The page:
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    Synopsis of Four Aleys:

    Life on the island of Kanyadhan in Kalam- a town in Devanidhi state – flows as gently as the Kanya River which encircles it. On the banks vain trees bend over   to admire the reflection of their lush yellow flowers. Banana plants, confused about the season, give bananas every day.  Rice boats float in, piled high with the harvest.

    Big House, built by the fleeing priest Mathachen hundreds of years ago, sprawls over this island. His descendants play out the drama of their lives against the background of this house that never sleeps.

    Little Aley lives here with her mother Aleyamma and Raman a wild monkey and Amini, a servant girl, as her constant companions. She hears stories about her grandmother Aley after whom her mother and she are named, from her beloved grand aunt Kunjupenkochama who is the fourth Aley.

    Then things change. Old faithful retainers challenge the might of her beloved granduncle – Velliachen – the patriarch of the family. The feudal families retaliate. Many die.  Landowners are bewildered that their servants no longer come to receive festive hand-outs. There is a brisk trade in illegal guns; sharpened knives are hidden beneath pillows everywhere. The time of Big House is over.

    Little Aley leaves Big House and Kalam and will return as an adult many years later. She struggles to unravel the mystery of three women all called Aley living through the painful modernization of a feudal society.

    An excerpt from Four Aleys

    Velli rolled his chair closer to the planters. “These are our people… They and their fathers and their grandfathers. From the time the big boat came around the bend of the Kanya, our twin destiny binds us. Now my nephew is to marry one of them. This is a first, one of many firsts. Put aside all these fears of uprisings and land grabbing.”

    “My sister-in-law, a dhobi’s… my, that sounds so….”

    “And you? Who would your wife be if I left you to your fate and the wrath of the workers?”

    Damodaran, Yohanan, Thoma, Thoma2 and Shangu, Janaki’s father, entered along with a number of men. Bare bodied, their check lungis washed, starched, and respectfully let down to their ankles. Men who came to Big House to give or take bags of rice, coconut, ginger and turmeric. Farm hands stood with sickles stuck into the twisted fibre belts around their waist, bare-chested, shorter, darker, and stiff. Stone figures saying nothing, neither agreeing, nor disagreeing.

    Velliachen nodded towards them. He expressed their thoughts. “Shangu,” he called. The old man looked up startled. “Come forward. Your family and ours connected for years, will be now intertwined through marriage. Delightful.”

    Another excerpt from Four Aleys

    Elizabeth looked around the familiar graveyard. Nothing had changed. She climbed onto the platform and sat on the cement floor which hid the flat marble slab which lay over the entire room below. At one end stood an upright headstone. Only if she stepped far, far back could she see it was a cross—fat and curvy. She read the list of names, in white, on the black marble panel. It gave no information about the buried—not the year each was born, or the year they died. Only names; women’s in one row and men’s in another. Among the many women’s names lay the name Aley, written several times. Three of them were part of her story. Her name would be there one day.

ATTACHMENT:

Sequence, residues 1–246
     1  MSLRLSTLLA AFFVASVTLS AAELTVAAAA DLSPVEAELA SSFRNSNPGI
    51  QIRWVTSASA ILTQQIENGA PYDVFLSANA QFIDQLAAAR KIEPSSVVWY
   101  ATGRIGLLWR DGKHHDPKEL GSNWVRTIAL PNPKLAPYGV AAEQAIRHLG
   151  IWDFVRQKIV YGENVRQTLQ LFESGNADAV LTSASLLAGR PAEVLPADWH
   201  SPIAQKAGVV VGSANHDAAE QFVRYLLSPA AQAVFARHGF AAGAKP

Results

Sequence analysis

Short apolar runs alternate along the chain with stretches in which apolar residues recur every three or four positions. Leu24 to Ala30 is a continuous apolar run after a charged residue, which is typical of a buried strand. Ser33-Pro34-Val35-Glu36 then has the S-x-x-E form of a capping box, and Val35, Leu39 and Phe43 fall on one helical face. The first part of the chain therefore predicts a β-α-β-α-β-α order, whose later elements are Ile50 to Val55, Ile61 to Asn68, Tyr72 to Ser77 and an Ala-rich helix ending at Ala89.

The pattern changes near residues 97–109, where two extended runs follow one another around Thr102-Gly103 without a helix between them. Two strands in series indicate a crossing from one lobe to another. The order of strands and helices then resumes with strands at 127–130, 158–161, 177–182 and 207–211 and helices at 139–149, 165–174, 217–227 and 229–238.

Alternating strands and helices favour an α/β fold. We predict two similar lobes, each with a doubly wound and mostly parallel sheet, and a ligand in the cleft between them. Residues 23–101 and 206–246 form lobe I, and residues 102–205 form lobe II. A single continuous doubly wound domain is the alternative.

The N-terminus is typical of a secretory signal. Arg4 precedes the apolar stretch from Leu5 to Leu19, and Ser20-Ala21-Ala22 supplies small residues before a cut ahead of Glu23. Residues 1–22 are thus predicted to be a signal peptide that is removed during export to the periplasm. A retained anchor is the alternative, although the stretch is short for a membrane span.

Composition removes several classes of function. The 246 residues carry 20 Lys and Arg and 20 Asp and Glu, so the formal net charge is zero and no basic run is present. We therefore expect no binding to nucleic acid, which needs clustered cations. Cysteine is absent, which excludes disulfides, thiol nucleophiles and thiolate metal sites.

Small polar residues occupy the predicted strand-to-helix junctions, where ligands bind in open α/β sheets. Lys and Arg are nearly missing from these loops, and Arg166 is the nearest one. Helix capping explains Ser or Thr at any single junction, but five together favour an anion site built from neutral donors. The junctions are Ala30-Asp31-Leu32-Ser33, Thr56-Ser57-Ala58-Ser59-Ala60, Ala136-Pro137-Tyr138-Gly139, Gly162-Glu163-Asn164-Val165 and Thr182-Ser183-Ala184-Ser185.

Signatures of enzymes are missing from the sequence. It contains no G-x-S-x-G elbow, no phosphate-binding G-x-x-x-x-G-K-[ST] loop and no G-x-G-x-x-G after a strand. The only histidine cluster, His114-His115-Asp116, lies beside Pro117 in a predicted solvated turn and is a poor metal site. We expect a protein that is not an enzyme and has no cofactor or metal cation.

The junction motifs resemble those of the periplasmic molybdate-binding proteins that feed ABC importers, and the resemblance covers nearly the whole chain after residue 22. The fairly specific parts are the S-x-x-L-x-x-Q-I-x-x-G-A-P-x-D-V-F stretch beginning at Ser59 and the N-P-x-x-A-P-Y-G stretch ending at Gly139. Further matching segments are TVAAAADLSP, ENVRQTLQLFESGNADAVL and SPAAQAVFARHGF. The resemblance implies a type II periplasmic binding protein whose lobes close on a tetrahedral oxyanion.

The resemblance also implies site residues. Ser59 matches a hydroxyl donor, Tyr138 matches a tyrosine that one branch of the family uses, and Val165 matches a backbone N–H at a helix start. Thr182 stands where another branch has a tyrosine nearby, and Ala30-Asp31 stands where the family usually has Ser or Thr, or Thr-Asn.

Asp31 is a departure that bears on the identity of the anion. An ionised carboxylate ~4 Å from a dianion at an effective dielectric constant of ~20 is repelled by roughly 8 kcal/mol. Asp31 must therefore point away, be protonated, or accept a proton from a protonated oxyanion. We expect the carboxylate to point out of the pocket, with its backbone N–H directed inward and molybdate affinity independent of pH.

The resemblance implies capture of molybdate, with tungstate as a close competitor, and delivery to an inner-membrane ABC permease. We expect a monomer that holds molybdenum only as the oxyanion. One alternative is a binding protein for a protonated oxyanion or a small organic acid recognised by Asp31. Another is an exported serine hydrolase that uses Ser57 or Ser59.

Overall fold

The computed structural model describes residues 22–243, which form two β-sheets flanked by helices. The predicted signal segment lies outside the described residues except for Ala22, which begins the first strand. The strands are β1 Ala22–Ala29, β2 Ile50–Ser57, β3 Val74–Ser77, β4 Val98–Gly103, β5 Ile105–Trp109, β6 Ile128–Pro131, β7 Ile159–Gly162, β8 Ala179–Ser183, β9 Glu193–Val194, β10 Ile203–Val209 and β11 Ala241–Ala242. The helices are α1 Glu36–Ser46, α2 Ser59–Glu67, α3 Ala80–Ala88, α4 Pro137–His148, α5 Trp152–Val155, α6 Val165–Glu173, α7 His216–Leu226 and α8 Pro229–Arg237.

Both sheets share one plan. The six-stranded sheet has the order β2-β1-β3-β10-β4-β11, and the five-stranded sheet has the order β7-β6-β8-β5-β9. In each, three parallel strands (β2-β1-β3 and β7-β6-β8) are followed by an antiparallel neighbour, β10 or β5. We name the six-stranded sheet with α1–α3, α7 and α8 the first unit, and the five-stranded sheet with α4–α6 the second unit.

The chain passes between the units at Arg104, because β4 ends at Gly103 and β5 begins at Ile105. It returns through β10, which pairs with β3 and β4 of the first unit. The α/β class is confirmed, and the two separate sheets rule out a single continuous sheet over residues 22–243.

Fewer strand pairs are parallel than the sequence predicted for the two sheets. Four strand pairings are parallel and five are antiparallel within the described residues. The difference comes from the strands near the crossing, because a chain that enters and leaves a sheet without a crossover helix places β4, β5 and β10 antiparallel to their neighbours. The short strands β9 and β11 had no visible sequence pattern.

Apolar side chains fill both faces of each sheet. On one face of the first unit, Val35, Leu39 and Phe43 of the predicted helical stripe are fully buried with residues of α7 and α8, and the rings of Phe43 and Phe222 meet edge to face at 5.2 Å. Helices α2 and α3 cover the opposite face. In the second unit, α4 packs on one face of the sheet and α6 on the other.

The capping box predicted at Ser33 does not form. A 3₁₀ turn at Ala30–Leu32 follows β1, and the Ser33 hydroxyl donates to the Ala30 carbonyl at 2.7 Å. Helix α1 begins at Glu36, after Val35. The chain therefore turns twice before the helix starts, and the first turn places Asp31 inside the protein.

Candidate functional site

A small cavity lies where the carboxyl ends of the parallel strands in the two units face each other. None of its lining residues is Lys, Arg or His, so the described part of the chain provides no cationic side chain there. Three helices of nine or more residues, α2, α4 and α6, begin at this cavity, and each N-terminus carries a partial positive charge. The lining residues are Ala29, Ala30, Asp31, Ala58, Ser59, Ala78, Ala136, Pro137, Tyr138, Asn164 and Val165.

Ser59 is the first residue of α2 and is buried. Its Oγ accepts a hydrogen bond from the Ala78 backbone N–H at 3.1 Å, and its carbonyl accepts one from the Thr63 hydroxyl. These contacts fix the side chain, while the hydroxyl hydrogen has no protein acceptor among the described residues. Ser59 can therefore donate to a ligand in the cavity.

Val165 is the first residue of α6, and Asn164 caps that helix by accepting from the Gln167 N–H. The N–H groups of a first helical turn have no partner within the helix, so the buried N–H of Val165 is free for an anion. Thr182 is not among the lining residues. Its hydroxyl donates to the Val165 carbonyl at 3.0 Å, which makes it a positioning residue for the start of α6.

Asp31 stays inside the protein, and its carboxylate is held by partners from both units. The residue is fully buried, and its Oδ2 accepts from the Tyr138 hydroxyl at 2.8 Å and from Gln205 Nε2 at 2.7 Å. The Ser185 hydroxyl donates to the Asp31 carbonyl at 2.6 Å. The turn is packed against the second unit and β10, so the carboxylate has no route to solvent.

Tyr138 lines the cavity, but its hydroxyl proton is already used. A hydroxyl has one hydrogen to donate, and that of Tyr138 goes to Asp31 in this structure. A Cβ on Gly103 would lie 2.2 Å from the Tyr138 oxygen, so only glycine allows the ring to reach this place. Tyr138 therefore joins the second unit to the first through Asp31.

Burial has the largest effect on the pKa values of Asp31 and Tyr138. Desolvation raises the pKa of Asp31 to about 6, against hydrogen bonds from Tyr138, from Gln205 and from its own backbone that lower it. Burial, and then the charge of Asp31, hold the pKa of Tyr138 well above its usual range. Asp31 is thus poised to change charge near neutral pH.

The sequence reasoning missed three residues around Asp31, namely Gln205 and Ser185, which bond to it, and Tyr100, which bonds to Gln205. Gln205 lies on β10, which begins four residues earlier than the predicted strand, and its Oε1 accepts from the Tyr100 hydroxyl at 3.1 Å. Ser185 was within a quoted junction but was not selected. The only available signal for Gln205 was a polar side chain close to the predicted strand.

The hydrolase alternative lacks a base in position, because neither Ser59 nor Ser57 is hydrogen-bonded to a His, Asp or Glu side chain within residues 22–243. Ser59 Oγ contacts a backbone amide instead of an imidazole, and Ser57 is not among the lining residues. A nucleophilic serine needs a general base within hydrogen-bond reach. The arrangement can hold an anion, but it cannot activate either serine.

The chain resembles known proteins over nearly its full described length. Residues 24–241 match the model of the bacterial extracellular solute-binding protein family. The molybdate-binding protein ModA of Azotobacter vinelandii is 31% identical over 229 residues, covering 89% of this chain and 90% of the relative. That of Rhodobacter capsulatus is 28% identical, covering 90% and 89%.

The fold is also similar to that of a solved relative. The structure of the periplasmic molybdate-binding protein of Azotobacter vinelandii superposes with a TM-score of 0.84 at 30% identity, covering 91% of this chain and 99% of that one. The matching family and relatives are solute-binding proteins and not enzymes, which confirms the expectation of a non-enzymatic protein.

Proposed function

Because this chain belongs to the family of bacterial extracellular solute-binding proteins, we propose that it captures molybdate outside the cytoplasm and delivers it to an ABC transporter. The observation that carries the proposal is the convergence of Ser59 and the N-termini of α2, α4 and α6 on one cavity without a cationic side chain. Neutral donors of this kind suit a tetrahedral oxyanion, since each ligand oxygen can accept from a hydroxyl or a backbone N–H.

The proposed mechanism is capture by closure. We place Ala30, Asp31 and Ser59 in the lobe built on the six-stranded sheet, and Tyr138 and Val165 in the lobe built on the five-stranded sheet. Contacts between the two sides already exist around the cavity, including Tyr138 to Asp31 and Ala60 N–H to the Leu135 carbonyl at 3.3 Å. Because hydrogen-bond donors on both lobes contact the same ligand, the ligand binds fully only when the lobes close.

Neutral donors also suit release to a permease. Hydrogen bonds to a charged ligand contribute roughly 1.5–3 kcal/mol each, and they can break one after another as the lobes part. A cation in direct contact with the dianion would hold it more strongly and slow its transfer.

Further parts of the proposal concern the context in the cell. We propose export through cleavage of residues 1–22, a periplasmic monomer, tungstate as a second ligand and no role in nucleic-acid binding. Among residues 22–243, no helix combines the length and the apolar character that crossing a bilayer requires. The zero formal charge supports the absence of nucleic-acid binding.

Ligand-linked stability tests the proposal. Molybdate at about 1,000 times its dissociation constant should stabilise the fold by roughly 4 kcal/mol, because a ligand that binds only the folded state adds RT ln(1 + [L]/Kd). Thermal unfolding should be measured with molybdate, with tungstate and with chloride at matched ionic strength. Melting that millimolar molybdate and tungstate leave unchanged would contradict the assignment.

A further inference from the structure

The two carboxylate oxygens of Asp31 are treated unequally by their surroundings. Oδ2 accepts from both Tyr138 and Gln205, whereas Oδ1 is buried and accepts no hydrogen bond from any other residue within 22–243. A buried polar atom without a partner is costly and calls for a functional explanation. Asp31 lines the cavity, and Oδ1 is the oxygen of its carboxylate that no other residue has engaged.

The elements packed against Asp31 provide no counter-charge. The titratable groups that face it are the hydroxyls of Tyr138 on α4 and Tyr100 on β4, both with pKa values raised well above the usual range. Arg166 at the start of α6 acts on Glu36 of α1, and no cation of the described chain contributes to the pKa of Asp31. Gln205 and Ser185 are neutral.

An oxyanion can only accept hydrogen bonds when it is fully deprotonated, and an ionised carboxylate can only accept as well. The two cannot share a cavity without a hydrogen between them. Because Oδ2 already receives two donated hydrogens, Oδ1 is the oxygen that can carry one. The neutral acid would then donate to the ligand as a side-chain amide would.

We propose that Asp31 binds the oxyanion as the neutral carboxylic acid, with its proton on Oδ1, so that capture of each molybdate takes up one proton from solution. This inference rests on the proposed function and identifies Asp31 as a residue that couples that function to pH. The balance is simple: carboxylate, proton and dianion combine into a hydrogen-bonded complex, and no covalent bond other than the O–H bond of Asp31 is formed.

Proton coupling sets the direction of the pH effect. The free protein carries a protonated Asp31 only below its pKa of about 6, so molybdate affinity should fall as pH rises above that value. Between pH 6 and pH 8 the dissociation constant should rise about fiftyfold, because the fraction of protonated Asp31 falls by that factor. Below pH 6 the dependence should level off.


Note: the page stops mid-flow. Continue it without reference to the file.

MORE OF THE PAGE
Though the sun was hot on her back, she shivered. Her eyes closed. The cement floor tilted and down she slid through golden vapours, through the dust motes… into the cavern. Here they all lay, in intermingled layers—brothers and sisters, uncles and lovers, husbands and wives and brothers-inlaw. And her mother who waited now, in eternity, to hear her daughter say the goodbye she refused to say when she was alive.


    ITC My Fortune,
    46 Richmond Road,
    Bengaluru 560 025  Karnataka
    Phone :+91-80-25001700

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  • Four Aleys


    This is a book about four women—all named Aley. It is a story of obsessive love and familial loyalties set against a background of social upheaval. The women in the feudal, patriarchal, landowning family of Big House deal with their complicated lives as best as they can and Little Aley, the youngest of the four, tries to make sense of the lives of her hapless namesakes. She vows never to fall victim to the emotions which had tortured her mother, grandmother and beloved grandaunt and is determined to set a balance in the social system, that after a violent upheaval, now fumbles to constructively reinvent itself. Will she be able to achieve this? And will it give her contentment if she does?